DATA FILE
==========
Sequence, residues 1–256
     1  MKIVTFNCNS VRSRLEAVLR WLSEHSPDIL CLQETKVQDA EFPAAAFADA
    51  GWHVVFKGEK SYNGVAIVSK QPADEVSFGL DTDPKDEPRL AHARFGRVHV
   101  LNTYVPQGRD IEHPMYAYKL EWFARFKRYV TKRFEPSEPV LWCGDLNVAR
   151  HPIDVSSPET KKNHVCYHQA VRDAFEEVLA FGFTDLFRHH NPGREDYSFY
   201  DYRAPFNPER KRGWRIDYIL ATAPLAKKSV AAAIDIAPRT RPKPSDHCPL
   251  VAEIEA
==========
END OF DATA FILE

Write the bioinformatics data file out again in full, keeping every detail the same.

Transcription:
Sequence, residues 1–256
     1  MKIVTFNCNS VRSRLEAVLR WLSEHSPDIL CLQETKVQDA EFPAAAFADA
    51  GWHVVFKGEK SYNGVAIVSK QPADEVSFGL DTDPKDEPRL AHARFGRVHV
   101  LNTYVPQGRD IEHPMYAYKL EWFARFKRYV TKRFEPSEPV LWCGDLNVAR
   151  HPIDVSSPET KKNHVCYHQA VRDAFEEVLA FGFTDLFRHH NPGREDYSFY
   201  DYRAPFNPER KRGWRIDYIL ATAPLAKKSV AAAIDIAPRT RPKPSDHCPL
   251  VAEIEA